Single chemical modifications of the c-1027 enediyne core, a radiomimetic antitumor drug, affect both drug potency and the role of ataxia-telangiectasia mutated in cellular responses to DNA double-strand breaks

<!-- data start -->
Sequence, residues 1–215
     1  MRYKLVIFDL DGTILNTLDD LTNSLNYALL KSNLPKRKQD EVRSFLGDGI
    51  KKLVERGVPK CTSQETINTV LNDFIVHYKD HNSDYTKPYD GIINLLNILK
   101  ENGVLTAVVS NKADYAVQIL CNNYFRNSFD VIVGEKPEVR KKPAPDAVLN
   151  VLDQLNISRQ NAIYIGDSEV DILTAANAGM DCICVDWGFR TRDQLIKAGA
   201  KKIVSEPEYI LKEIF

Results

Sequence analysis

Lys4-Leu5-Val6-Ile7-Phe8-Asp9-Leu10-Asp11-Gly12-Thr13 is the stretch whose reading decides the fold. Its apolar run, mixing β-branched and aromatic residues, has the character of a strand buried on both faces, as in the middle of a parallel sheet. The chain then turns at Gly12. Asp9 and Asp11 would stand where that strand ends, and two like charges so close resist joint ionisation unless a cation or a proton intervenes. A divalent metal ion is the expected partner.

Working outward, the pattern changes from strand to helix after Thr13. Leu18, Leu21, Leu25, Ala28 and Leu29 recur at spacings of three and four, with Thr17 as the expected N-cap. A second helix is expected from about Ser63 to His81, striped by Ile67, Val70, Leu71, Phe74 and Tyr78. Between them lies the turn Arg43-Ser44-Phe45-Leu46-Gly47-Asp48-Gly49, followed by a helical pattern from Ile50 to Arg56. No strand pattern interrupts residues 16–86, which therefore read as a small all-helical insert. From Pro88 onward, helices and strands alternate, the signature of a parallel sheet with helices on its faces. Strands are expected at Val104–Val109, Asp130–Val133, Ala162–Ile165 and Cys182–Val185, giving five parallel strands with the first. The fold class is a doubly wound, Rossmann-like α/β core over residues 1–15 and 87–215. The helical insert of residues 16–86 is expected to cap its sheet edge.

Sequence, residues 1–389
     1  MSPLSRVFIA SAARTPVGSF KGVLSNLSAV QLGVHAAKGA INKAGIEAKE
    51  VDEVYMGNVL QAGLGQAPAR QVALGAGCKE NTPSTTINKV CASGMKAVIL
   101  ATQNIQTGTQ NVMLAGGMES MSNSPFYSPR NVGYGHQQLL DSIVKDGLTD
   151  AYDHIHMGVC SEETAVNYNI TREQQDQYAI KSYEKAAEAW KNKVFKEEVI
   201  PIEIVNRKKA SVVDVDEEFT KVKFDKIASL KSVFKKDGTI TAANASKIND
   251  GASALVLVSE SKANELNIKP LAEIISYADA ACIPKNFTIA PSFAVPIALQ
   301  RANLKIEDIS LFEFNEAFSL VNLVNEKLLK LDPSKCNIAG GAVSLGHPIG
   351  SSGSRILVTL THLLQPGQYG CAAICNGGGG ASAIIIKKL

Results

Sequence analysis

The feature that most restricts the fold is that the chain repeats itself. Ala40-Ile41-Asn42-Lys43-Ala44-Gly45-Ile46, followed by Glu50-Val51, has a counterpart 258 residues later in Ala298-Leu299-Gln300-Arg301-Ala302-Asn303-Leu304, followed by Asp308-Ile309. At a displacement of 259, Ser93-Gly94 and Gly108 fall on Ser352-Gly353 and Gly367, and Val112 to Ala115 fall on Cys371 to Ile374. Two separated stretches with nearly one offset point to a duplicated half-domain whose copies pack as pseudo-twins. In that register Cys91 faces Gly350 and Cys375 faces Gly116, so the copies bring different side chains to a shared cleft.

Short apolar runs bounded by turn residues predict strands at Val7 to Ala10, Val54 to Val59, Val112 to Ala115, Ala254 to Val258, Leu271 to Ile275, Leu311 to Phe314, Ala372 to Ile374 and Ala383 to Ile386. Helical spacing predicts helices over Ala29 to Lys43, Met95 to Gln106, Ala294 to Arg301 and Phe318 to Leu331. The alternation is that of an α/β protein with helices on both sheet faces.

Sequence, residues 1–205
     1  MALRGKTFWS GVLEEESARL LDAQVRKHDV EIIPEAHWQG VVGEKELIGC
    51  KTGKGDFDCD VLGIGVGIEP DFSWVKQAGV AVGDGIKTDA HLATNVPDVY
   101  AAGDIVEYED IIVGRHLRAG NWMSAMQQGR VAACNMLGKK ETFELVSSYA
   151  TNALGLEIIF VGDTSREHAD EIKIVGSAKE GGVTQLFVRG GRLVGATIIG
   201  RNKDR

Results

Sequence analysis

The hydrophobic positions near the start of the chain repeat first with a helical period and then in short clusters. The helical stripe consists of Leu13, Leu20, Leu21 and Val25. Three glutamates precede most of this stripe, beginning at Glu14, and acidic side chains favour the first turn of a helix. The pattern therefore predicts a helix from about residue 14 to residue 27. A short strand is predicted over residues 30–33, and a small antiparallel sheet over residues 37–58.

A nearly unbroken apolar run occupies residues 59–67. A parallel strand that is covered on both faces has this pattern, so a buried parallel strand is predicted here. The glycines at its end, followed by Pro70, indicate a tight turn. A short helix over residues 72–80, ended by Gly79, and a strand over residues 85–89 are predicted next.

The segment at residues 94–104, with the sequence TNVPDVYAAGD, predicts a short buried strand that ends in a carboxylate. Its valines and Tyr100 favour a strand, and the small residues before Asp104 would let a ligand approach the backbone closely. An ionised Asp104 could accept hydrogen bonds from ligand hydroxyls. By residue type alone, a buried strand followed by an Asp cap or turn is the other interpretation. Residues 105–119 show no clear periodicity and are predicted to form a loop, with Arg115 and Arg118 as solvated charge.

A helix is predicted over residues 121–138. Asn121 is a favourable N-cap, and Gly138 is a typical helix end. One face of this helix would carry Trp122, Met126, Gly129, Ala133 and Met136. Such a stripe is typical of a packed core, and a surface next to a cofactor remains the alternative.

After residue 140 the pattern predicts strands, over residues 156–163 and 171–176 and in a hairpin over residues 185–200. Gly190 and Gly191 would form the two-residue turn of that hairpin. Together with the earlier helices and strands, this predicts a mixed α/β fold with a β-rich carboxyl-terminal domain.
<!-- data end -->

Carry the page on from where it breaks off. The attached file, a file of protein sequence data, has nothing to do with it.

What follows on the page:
The radiomimetic enediyne C-1027 induces almost exclusively DNA double-strand breaks (DSB) and is extremely cytotoxic. Unique among radiomimetics, ataxia-telangiectasia mutated (ATM) is dispensable for cellular responses to C-1027-induced DNA damage. This study explores the biological activity of three recently bioengineered C-1027 analogues: 7''-desmethyl-C-1027 (desmethyl), 20'-deschloro-C-1027 (deschloro), and 22'-deshydroxy-C-1027 (deshydroxy). Each compound maintains the characteristic ability of radiomimetics to cleave DNA in cell-free systems, varying in activity from 2-fold (deschloro) to 55-fold (desmethyl) less than C-1027. The induction of cellular DNA breaks based on pulsed field gel electrophoresis, comet analysis, and gammaH2AX activation was in the same rank order as cell-free DNA break induction, although the amount of breaks induced by desmethyl is greatly reduced compared with the other analogues. Despite the disparity in inducing DNA DSBs, all of the analogues produced G2-M cell cycle arrest and activated DNA DSB damage response proteins, such as p53-Ser15 and Chk2-Thr68, at concentrations in concordance with their ability to inhibit cell growth. Interestingly, of the three analogues, only the desmethyl-induced DNA damage response was similar to C-1027, as it did not cause hypersensitive cell growth inhibition in the absence of ATM nor require the kinase to phosphorylate p53 or Chk2. These findings show that simple modifications of the chromophore of C-1027 can result in varied induction of, and cellular response to, DNA DSBs.